Rooksnest Manor was a thin place, a place where the veil between worlds was frayed, a place where things came through which had no place here.
It was Christmas Eve and the snow was falling heavily outside. Lily and her five cousins were scattered into the dark corners of the old house, lost in a game of hide and seek. The prize for the winner was the carousel, the exquisite wooden toy that had sat on the desk in the library for longer than anyone could remember. But as she concealed herself in the dusty gloom of an empty bedroom, listening for her grandmother’s footfall in the hallway outside, Lily came to discover that there was something else searching for her in the shadows.
“It was Christmas Eve and a blizzard had been blowing since dawn. By the evening Rooksnest Manor and its grounds were covered in a deep white blanket of snow. Awake at last after the long journey, Lily remained curled up under a quilt on the back seat and listened with joy at the wonderful muffled crunch the tyres made as the car climbed slowly up the gently sloping drive. It was not always in such good spirits that Lily found herself on this long winding approach to the house. She had visited Rooksnest many times in her dreams; although she knew nothing of its history she always woke with the same vague sense of unease, a chill that lingered on long into the warmth of the day. But at Christmas it was always different; at Christmas there was enough light in the house to expose the shadows and drive them back into the old cracked walls.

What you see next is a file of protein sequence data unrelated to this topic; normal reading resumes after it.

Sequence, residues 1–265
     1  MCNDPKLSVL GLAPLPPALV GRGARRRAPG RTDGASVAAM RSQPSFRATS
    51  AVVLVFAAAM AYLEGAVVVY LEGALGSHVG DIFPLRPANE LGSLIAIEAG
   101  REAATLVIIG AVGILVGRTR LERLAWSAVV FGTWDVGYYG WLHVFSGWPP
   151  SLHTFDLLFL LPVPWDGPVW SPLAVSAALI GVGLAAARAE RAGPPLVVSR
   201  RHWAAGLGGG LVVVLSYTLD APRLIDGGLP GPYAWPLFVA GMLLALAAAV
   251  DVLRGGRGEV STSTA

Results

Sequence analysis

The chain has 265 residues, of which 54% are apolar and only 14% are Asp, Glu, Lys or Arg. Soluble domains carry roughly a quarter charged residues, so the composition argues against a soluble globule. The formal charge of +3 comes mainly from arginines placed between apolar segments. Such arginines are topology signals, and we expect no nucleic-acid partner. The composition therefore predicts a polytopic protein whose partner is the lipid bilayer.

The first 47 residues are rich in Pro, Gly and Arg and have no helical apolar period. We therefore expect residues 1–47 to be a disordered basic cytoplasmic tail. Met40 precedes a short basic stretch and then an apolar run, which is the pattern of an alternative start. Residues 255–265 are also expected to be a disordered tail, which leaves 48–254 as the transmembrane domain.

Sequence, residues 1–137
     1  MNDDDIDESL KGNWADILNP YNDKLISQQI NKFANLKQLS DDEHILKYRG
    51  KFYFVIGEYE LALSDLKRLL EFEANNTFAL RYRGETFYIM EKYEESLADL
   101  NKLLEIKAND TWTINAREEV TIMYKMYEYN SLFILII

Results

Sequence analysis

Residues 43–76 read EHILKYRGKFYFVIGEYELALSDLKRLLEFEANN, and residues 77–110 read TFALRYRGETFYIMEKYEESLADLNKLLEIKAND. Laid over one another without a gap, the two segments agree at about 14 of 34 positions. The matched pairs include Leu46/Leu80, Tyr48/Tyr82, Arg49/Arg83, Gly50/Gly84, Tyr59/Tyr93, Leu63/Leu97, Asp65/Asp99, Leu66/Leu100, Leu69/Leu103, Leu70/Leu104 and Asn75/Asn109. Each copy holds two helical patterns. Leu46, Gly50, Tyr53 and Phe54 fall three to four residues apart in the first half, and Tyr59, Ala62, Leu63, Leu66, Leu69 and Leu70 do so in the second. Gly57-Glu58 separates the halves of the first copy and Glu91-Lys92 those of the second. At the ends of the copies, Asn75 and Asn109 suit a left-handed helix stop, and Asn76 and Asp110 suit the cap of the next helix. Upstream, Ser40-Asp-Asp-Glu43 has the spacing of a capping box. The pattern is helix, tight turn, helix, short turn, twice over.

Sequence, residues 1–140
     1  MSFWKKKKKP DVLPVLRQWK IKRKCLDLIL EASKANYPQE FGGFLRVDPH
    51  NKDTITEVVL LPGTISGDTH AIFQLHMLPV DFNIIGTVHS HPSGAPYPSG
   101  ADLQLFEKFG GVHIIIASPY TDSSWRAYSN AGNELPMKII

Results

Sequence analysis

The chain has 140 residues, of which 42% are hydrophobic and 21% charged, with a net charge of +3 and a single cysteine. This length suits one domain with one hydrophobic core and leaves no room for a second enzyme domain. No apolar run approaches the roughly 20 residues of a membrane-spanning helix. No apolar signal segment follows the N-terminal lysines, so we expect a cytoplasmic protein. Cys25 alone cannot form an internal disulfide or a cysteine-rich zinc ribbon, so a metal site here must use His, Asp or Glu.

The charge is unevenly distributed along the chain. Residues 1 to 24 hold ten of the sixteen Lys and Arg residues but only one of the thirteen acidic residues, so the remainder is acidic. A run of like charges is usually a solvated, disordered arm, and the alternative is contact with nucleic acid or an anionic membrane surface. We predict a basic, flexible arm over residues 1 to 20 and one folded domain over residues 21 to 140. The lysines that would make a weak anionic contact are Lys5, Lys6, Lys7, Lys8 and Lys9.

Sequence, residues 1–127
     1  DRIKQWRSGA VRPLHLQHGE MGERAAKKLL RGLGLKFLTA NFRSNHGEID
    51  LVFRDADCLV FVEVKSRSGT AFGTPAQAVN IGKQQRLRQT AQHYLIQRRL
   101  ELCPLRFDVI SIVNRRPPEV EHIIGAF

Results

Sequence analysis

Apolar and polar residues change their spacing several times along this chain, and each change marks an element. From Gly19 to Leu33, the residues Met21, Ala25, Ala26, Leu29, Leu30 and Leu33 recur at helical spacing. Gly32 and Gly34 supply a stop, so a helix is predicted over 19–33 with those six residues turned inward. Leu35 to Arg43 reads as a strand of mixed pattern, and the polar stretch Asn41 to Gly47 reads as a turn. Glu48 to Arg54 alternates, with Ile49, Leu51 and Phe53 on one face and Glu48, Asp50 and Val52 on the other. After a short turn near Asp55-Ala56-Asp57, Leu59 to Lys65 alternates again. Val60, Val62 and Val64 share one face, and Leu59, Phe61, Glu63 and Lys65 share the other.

Lily’s grandfather had bought Rooksnest Manor in the 1920s. The previous owner was a Mr Rothman, by all accounts a giant of a man. After many happy years in the house Mr Rothman was suddenly visited by ruin; losing both his wife and his daughter in the same terrible winter before the Great War. On the surface of the millpond at the back of the house there is said to be a patch of water that remains calm even when the wind disturbs the rest of the pool. It was from thereabouts that they dragged his wife’s floating body. His daughter died shortly after, falling one night from her bedroom window and snapping her neck on the dark lawn below. A verdict was never reached on the cause of their deaths. The only evidence uncovered by investigating officers was a series of faint bootprints in the bedroom of Mr Rothman’s daughter. Although they matched none of the shoes in her father’s cupboard, their unusually large size was enough for villagers to whisper and Mr Rothman went to war a broken man, never returning from the trenches…”